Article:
P.E.S.T. Analysis for Careers Organizations spend considerable amounts of time determining what changes in the marketplace will materially affect the implementation of their strategic plans. A common analysis tool used to determine changes and trends is the P.E.S.T. acronym. Attempting to determine the Political, Economic, Social and Technological factors that will influence your business helps to lay a strong foundation for meaningful action.

The same acronym can be used when thinking about your career search. Below are five (5) of ten (10) factors that are political, economic, social or technological, and that will have an impact on your career.

1. Flattening Organizational Structure – throughout the Great Recession, organizations shed full-time workers and spread the work amongst the remaining employees. Although this drove productivity and record profits for many firms, they know that they must remain smaller to be more nimble to respond to changes in the marketplace moving forward. I recommend that you view yourself as a consultant and package your knowledge, skills and abilities into a salable product that can traverse from employer to employer without fear of loss of income.

2. Cradle-to-Grave Employment is Dead – this comes as no surprise to many of you, but there are still groups of people who expect corporations to provide for them long-term. According to the Bureau of Labor Statistics, even the Baby Boomer generation has changed jobs between 11 – 14 times in their careers. I suggest that you develop a thick skin and temper your expectations what employers are going to provide in the future. The trend is to provide less remuneration and more non-wage amenities.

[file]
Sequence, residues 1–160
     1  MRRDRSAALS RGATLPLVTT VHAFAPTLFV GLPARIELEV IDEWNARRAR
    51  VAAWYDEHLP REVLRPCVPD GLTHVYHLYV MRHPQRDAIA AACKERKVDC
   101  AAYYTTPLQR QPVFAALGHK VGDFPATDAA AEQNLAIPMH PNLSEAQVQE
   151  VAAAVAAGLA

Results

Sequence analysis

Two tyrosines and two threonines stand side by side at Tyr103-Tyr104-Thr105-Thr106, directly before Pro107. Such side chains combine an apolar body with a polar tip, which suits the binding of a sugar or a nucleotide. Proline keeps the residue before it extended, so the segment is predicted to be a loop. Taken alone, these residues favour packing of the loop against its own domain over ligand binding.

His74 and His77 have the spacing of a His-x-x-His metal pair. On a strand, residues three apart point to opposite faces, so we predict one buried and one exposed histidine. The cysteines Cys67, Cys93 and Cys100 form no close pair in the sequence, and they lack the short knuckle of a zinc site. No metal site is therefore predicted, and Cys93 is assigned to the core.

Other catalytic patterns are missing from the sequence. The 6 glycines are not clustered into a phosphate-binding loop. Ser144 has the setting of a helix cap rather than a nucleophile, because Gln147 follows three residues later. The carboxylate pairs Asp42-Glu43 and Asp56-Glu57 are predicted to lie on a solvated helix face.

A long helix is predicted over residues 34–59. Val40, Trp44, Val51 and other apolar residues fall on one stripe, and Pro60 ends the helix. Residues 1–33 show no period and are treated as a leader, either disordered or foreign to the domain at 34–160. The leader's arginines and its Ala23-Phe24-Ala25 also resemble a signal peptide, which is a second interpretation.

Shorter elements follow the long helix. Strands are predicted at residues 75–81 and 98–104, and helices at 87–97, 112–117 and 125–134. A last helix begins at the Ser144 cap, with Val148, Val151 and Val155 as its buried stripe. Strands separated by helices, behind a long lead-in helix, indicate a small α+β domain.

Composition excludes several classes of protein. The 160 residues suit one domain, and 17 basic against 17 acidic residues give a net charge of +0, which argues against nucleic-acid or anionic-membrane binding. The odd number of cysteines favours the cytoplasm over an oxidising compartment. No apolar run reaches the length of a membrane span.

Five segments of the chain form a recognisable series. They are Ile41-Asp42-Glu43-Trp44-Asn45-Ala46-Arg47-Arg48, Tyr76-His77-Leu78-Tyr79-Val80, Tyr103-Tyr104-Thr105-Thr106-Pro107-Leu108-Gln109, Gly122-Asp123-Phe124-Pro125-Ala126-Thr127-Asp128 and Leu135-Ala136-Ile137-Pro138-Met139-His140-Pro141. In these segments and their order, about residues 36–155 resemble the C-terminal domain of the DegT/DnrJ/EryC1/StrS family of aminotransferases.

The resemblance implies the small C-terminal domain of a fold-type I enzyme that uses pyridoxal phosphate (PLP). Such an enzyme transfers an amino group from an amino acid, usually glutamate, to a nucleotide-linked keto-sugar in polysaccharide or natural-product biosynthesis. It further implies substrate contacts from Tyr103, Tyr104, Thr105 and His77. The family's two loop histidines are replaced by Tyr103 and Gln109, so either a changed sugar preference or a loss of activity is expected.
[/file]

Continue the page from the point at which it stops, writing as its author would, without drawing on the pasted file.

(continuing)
3. Job Skills Mismatch – The national unemployment rate hovers near eight percent. There are millions of jobs available, but not enough people to fill them. In order to lower the unemployment rate, our nation must provide education and training opportunities to increase the skill level. To avoid becoming unemployed for an extended period of time, learn continually.

4. Autonomy / Mastery / Purpose – In Daniel Pink’s book, Drive, the reader learns about how monetary rewards are becoming less important to many Americans. More and more people are searching for work that provides a deeper, intrinsic motivation in their lives. I recommend that you find meaningful work that provides you with autonomy in daily activity, the ability to master or be great at your chosen line of work and to serve a purpose larger than your own.

5. Work-life Balance is a Myth – Using a justice scale as a metaphor, there will only ever be one point at which your work and life are in balance. It is unrealistic to strive for this point. Instead, search for meaningful engagement in your personal and professional selves. Are you excited to go to work in the morning and excited to see your family when you get home? I recommend that you get comfortable with saying “no” and establish boundaries about what you will and will not participate in.

In part two, I’ll cover five more P.E.S.T trends that will be worth keeping an eye on.